Linked by Thom Holwerda on Thu 1st Mar 2018 01:00 UTC, submitted by Alfman

Should the United States government be able to conduct a search of your emails if they are stored on a server in another country, or does the government’s right to examine digital evidence stop at the border?

That is a central question in United States v. Microsoft, a case scheduled to be argued on Tuesday before the Supreme Court.

Both sides in the case have legitimate concerns. If the court sides with Microsoft and declines to allow searches for data stored in another country, the government will be hampered in investigating crimes like terrorism, child pornography and fraud.

If the court sides with the government and rules that it may demand data stored overseas by American companies, those companies will find it much harder to do business abroad. This is because many foreigners fear that United States warrants authorizing such searches will disregard privacy protections afforded by their country. The government of Germany, a country with stringent privacy laws, has already indicated it will not use any American company for its data services if the court decides to allow searches.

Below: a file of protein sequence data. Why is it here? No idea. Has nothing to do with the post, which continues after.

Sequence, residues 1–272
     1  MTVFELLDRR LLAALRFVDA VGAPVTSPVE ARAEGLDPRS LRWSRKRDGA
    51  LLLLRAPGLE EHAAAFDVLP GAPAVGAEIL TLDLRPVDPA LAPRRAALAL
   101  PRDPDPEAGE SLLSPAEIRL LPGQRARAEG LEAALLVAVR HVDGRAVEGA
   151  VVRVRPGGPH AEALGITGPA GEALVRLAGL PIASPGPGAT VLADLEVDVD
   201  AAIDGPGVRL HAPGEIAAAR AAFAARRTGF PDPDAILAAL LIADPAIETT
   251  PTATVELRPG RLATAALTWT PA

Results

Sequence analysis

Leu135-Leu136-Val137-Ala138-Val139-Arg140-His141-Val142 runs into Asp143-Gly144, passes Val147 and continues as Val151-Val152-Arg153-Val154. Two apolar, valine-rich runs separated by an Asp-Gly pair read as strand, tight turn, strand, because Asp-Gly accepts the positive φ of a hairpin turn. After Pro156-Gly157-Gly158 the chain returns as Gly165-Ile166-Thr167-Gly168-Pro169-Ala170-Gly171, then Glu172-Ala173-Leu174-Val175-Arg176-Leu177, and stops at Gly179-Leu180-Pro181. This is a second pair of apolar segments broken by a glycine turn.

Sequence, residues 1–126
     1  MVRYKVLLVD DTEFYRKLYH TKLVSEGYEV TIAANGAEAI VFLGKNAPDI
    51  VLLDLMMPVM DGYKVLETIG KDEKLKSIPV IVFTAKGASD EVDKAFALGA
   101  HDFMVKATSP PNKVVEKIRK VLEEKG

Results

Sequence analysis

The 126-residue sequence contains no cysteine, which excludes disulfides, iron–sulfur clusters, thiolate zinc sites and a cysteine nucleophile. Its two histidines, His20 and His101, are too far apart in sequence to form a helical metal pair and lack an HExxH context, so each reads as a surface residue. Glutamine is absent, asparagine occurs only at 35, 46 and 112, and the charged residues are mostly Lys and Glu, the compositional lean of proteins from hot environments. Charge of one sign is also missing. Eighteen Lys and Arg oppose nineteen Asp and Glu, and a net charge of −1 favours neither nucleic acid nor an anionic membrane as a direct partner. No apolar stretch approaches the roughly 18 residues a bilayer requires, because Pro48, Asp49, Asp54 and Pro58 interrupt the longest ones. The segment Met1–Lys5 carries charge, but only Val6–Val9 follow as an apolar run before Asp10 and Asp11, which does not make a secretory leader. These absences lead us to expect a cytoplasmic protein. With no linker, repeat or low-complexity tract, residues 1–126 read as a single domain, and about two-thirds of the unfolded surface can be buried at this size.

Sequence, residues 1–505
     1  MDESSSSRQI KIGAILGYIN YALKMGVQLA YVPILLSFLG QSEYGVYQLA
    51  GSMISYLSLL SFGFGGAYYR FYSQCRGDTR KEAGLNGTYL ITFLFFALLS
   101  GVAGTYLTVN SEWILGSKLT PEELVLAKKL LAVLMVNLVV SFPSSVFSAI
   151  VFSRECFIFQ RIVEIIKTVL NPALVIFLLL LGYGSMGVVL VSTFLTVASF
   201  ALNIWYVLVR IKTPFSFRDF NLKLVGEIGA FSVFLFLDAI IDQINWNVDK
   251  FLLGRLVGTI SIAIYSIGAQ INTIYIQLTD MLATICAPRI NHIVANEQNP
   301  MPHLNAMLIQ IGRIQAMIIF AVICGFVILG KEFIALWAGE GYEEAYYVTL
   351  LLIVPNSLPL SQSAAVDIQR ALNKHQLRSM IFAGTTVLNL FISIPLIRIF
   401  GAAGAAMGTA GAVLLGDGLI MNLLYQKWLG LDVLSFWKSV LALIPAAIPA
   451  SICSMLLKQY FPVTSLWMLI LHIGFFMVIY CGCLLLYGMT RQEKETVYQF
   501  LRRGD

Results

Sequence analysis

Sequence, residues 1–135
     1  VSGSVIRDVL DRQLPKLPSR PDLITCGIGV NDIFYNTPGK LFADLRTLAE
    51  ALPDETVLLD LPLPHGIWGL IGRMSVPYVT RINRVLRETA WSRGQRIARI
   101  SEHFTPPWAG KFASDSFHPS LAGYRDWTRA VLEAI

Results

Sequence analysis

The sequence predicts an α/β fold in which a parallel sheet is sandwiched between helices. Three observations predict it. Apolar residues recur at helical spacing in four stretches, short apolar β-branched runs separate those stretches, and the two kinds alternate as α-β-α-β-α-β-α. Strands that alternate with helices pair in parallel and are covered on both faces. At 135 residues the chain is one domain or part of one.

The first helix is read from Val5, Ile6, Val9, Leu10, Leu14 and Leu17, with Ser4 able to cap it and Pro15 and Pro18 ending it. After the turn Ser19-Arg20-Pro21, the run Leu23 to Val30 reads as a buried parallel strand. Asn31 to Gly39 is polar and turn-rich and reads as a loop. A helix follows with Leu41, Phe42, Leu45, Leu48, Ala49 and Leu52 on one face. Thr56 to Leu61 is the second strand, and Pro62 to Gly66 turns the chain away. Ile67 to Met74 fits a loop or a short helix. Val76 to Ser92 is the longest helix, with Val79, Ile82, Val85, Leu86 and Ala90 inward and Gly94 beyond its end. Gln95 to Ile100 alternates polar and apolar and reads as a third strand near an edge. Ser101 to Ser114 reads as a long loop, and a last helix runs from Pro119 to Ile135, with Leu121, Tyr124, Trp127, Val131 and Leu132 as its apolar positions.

At this point, I feel like it's just safer to assume all data stored online or sent from one device to the next is essentially not secure in the sense that no one will be able to read if they really wanted to. It's not the way it should be, but I don't think there's a whole lot we can do about it - regardless of the outcome of legal cases such as this one.

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Sticky situation
by jessesmith on Thu 1st Mar 2018 02:18 UTC
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I think this is going to be a sticky situation, legally, no matter which way it goes.

If the courts decide Microsoft must hand over their documents because they are, after all, an American company regardless of where the data is stored, then that's going to signal to the world that American companies are not safe to deal with. No one is going to want to risk doing business with a company with offices in the USA if their files must be handed over, regardless of local law.

On the other hand, if the court sides with Microsoft then it signals that American companies can ignore USA laws if they just move their data/processes/dealings to another country. It'll be the tax evasion issue all over again, this time with memos, e-mails and so on.

Either way, it's not going to be pretty, especially for American citizens. They're likely to lose jobs regardless of who wins because either data or jobs will likely be moved overseas.

Personally, I suspect the court is going to side with the DoJ. If they let American companies dodge investigation by simply moving where deals are made and/or documents are stored, then they've opened a massive loophole for all companies to open offices abroad. The ruling will open up a new legal battle between Microsoft and Ireland, but the American courts and DoJ will be fine with letting Microsoft deal with the fallout from that.

Edited 2018-03-01 02:20 UTC

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